1 year ago

Working document in view of the 3 DH-SYSC-I meeting



36 DH-SYSC-I (2017)010 put in place a procedure that allows detailed examination of the candidatures. The examination procedure and the assessment criteria are explained in details in its activity reports and in particular in the third one. 76 94. The key component of the Panel is a hearing which is not public, like its opinions. As explained by the Panel in its first activity report, provisions of EU law in the area of protection of personal data as interpreted by the CJEU have led the Panel to the conclusion that its opinions cannot be disclosed to the public. The transparency of the Panel’s activities is secured through the publication of its activity reports. 95. According to the data provided in its third activity report, the Panel has issued seven unfavorable opinions out of 67 opinions rendered in total. In light of the data available until December 2013, the Panel’s opinions, whether favorable or otherwise, had been followed by the governments of the member States. 77 All candidates considered unsuitable were withdrawn and replaced. 78 According to the President of the Panel, Jean- Marc Sauvé, 79 the procedure, as provided for by the Lisbon treaty, allowed for the control of manifest error with respect to the choice of the members of the CJEU. Jean-Marc Sauvé has stressed that the role of the Panel is limited. “Its task is not to replace the member States; either with respect to the nomination of the candidates or as far as the appointment is concerned”. 80 Regarding the absence of binding force of the opinion, he has noted that it is offset by the mechanism of the appointment procedure, namely by a unanimous decision of all member States. The disagreement of one single member State suffices for there to be no appointment. 96. Certain elements of the procedure have however been subject to criticism like the lack of democratic legitimacy, the absence of verification of the domestic selection procedure of the candidate and the lack of transparency of the procedure. 81 76 First report of 17 February 2011; second activity report of 22 January 2013 and third report of 13 December 2013. All three reports are available on line: The first and second reports are published at 33 HRLJ, pp.459–464 and pp. 465–470(2013); the third activity report is published at 34 HRLJ, pp. 197–203 (2014). 77 Third activity report, p. 10. 78 Henri de Waele, « Not Quite the Bed that Procrustes Built – Dissecting the system for selecting judges at the Court of Justice of the European Union », Selecting Europe’s Judges, A Critical Review of the Appointment Procedures to the European Courts, ed. Michal Bobek, Oxford University Press, 2015, pp. 24–50. 79 Jean-Marc Sauvé, « Selecting the European Union’s Judges: the Practice of the Article 255 Panel », Selecting Europe’s Judges, A Critical Review of the Appointment Procedures to the European Courts, ed. Michal Bobek, Oxford University Press, 2015, pp. 78–83. 80 Ibid, p. 82. 81 See Armin von Bogdandy and Cristoph Krenn, “On the democratic legitimacy of Europe’s Judges – A Principled and Comparative Reconstruction of the Selection Procedures”, Selecting Europe’s Judges, A Critical Review of the Appointment Procedures to the European Courts, ed. Michal Bobek, Oxford University Press, 2015, pp. 162–180; see AccessInfo Project on Judicial Transparecy:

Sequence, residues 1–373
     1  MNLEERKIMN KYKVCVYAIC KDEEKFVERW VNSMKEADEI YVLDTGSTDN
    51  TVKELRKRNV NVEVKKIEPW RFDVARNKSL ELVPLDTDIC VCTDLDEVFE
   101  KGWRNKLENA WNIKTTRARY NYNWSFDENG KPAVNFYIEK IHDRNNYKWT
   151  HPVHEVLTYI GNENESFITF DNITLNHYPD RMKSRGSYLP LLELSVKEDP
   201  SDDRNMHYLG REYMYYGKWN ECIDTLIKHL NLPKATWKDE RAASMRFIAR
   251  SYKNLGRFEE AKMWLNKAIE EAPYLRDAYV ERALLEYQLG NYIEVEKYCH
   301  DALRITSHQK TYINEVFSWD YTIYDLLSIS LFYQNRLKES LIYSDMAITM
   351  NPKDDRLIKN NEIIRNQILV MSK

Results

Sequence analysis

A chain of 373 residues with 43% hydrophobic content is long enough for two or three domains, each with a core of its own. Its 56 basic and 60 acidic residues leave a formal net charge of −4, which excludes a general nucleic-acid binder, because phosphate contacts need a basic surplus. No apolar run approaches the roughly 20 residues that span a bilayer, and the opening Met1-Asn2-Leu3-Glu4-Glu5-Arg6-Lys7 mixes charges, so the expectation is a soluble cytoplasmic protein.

37 DH-SYSC-I (2017)010 97. A second possible alternative model was proposed in the framework of the drafting of the CDDH report on the longer term future of the Convention system: A specific norm should be included in the new protocol to the European Convention, which should require that: 82 1. A State proposes a list of 3 or alternatively 6 candidates who are suitable to serve as judges of the ECHR. 2. A Commission of 7 members (2 representing general audience, 2 representing legal doctrine, 2 representing judiciary and 1 representing the Council of Europe) shall decide on the suitability of candidates, referred to in paragraph 1, for the Court's work. 3. The Commission shall report to the Parliamentary Assembly of the Council of Europe on 1 or alternatively 3 candidates from the list proposed by a State. III. CONDITIONS OF EMPLOYMENT AND WORKING CONDITIONS AT THE COURT A. Challenges 98. A number of factors that might discourage possible candidates are related to the attractiveness of the post. Some of those factors had already been identified in the CDDH report. 83 They were confirmed and complemented in the course of the discussions at the 1st meeting of the DH-SYSC-I and by the subsequent contributions received. They can be summarised as follows: i) the attractiveness of the post, including the conditions of employment; ii) the difficulties of finding suitable re-employment at the end of the term of office; iii) the impossibility to contribute to national pension schemes; iv) the separation from family; v) the impossibility for the partners of the judges to find their employment upon return to the country of origin; vi) the lack of knowledge about the requirements of the work at the Court. 99. Some of those factors concern the conditions of employment and others the working conditions at the Court. Hence, they should be discussed separately. The responses to address these two challenges will need to be complemented by the contribution awaited by the Court that may bring forward additional challenges. Furthermore, and in line with the discussions held at the 1 st meeting, when considering the possible responses, it would be important to check their feasibility against the nature 82 Proposal submitted in the framework of the GT-GDR-F by Justice Neshataeva, doc. DH-SYSC- I(2016)001. 83 CDDH report on the longer-term future of the system of the European Convention on Human Rights (doc. CDDH(2015)R84 Addendum I), §§ 107-108.

Report on the Work of the IJPC
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